The park usually experiences an autumn leaf season of several weeks as fall colors travel down the mountain sides from high elevation to low. However, the timing of fall color change depends upon so many variables that the exact dates of “peak” season are impossible to predict in advance.
Elevation profoundly affects when fall colors change in the park. At higher elevations, where the climate is similar to New England’s, color displays start as early as mid-September with the turning of yellow birch, American beech, mountain maple, hobblebush, and pin cherry.
From early to mid-October, fall colors develop above 4,000 feet. To enjoy them, drive the Clingmans Dome Road, the Blue Ridge Parkway, or the Foothills Parkway.
The fall color display usually reaches peak at mid and lower elevations between mid-October and early November. This is the park’s most spectacular display as it includes such colorful trees as sugar maple, scarlet oak, sweetgum, red maple, and the hickories.
Horseback Rides Guided horseback rides are available at four concession horseback riding stables in the park from mid-March through late November. Rides on scenic park trails are offered lasting from 45 minutes to several hours. All rides proceed at a walking pace. Rates are from $30 per hour. Weight limits and age restrictions may apply. Please call the stable you are interested in for additional information.
- Cades Cove, near Townsend, TN (865) 448-9009
(also offers hayrides and carriage rides) Visit the website for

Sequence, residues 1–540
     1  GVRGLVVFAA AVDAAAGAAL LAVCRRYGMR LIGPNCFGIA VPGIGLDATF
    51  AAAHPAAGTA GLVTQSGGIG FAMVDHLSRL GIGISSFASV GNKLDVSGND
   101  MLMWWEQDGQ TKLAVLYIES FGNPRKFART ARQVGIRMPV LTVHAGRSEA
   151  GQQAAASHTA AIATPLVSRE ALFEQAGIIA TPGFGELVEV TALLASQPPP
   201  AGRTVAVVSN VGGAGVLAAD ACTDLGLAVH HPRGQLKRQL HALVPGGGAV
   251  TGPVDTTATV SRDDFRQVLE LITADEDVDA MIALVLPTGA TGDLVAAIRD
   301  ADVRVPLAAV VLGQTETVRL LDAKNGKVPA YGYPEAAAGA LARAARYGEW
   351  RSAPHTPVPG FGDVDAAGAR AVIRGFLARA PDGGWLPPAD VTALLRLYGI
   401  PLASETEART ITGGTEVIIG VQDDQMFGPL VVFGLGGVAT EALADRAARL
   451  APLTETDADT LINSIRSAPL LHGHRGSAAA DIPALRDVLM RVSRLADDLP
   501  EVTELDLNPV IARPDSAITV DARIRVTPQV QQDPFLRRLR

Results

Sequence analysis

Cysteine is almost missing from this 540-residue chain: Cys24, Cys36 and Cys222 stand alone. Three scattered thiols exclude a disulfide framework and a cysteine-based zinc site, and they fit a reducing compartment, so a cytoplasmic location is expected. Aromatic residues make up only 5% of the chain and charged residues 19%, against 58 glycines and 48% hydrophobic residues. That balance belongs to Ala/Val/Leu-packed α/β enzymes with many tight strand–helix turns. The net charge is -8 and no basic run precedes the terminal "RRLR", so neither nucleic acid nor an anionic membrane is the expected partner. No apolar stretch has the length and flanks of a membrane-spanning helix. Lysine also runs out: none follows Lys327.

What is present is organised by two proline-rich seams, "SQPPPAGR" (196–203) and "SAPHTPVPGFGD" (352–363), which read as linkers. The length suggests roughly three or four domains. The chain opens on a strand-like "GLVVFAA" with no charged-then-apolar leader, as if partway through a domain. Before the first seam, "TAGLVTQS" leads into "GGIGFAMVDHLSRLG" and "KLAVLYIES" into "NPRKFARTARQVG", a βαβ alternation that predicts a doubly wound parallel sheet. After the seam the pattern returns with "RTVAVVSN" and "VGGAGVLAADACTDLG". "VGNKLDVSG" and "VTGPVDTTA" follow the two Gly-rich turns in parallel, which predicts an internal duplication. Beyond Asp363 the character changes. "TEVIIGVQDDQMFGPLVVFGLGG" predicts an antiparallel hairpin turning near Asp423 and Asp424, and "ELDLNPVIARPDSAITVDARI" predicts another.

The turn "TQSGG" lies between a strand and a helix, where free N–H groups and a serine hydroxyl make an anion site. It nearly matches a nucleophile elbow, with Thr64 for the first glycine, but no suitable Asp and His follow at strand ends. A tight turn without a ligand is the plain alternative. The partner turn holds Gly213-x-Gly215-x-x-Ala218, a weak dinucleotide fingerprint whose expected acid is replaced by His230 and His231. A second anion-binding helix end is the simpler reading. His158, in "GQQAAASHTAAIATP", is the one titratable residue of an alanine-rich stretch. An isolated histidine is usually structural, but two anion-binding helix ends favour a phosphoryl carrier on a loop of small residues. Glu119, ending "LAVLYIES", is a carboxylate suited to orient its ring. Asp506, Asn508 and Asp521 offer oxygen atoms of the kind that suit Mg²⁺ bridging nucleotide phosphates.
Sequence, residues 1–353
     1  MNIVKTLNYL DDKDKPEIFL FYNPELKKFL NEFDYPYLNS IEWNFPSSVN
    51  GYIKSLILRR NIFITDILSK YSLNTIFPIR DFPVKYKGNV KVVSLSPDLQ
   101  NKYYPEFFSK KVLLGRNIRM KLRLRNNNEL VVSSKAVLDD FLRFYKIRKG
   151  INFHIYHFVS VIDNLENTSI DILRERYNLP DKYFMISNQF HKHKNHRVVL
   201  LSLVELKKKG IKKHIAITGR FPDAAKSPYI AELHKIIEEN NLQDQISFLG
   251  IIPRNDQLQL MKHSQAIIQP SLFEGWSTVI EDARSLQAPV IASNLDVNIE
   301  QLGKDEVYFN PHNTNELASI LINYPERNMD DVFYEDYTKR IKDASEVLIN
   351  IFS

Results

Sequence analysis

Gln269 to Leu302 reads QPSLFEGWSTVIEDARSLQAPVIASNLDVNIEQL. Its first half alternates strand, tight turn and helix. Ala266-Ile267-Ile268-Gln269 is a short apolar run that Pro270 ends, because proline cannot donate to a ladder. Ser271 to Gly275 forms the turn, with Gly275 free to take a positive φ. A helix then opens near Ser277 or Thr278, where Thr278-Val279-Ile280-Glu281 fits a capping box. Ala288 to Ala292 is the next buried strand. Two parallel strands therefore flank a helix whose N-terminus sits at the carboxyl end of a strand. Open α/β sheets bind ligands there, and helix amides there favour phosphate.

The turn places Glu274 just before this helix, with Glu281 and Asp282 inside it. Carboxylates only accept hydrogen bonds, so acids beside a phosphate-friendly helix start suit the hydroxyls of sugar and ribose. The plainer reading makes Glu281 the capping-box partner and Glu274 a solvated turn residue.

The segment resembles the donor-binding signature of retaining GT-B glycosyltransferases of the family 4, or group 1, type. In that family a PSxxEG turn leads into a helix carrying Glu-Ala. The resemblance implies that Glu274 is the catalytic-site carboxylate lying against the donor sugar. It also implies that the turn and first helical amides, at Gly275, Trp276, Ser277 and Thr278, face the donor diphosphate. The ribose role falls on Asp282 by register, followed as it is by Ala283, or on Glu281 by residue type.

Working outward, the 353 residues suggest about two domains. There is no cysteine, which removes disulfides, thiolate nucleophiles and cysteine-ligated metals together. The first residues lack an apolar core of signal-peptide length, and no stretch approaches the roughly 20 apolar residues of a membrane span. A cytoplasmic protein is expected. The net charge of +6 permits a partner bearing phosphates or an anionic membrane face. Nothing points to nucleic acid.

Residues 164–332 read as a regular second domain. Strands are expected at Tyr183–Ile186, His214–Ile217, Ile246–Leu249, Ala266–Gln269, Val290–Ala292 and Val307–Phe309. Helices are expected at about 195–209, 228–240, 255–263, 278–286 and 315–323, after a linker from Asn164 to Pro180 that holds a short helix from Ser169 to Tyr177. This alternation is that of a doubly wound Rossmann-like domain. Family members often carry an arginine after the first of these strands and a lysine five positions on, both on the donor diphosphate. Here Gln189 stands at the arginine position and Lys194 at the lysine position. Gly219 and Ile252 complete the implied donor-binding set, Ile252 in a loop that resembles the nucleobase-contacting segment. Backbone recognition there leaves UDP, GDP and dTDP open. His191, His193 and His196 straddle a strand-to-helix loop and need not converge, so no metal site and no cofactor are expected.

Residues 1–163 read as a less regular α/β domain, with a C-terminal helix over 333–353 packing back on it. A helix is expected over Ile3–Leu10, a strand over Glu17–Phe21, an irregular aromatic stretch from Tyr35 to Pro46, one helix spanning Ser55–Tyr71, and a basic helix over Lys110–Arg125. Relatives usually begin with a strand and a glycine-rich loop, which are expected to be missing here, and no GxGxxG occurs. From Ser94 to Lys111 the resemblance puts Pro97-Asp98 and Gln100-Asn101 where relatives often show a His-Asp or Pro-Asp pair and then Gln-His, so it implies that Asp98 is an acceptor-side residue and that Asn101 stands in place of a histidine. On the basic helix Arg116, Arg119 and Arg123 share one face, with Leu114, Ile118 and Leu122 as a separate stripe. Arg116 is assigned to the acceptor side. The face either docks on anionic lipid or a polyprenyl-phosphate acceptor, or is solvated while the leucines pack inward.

- Smokemont, near Cherokee, NC (828) 497-2373
(also offers wagon rides) Visit the website for
- Smoky Mountain, near Gatlinburg, TN (865) 436-5634. Visit the website for additional information.
- Sugarlands, near Gatlinburg, TN (865) 436-3535.
Picnic areas are located at Big Creek, Chimneys, Cades Cove, Collins Creek, Cosby, Deep Creek, Greenbrier, Heintooga, Look Rock, Metcalf Bottoms, and Twin Creeks. Download a park map to view the location of picnic areas in the park. The picnic areas at Cades Cove, Deep Creek, Greenbrier, and Metcalf Bottoms remain open year-round. The remaining picnic areas are closed during the winter. See schedule below. Picnic pavilions are available at Collins Creek, Cosby, Deep Creek, Greenbrier, Metcalf Bottoms, and Twin Creeks, Pavilions can be reserved for groups one year in advance by calling (877) 444-6777, or online at at the Recreation.org website.
All pavilions except Twin Creeks and Greenbrier cost $20 per use. The fee for the pavilion at Twin Creeks ranges from $35-75 depending on the usage. Greenbrier costs $10 per use. Payment can be made by credit card or personal check at the time the reservation is made.
Every year over 200,000 visitors hike well-worn trails to view Grotto Falls, Laurel Falls, Abrams Falls, Rainbow Falls, Ramsey Cascades and other popular waterfalls in the park. Large waterfalls attract the crowds, but smaller cascades and falls can be found on nearly every river and stream in the park.
The Great Smoky Mountains abound with the two ingredients essential for waterfalls-ample rainfall and an elevation gradient. In the Smokies high country, over 85″ of rain falls on average each year. During wet years, peaks like Mt. Le Conte and Clingmans Dome receive over eight feet of rain. This abundant rainfall trickles and rushes down the mountain sides, from high elevation to low, sometimes dropping more than a mile in elevation from the high peaks to the foothills at the park’s boundary.